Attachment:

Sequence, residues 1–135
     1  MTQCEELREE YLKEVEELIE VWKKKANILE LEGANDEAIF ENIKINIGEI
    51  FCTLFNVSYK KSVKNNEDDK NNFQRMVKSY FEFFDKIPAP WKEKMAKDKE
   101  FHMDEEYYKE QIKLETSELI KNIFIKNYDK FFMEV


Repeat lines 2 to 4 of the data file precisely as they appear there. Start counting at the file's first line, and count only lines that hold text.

     1  MTQCEELREE YLKEVEELIE VWKKKANILE LEGANDEAIF ENIKINIGEI
    51  FCTLFNVSYK KSVKNNEDDK NNFQRMVKSY FEFFDKIPAP WKEKMAKDKE
   101  FHMDEEYYKE QIKLETSELI KNIFIKNYDK FFMEV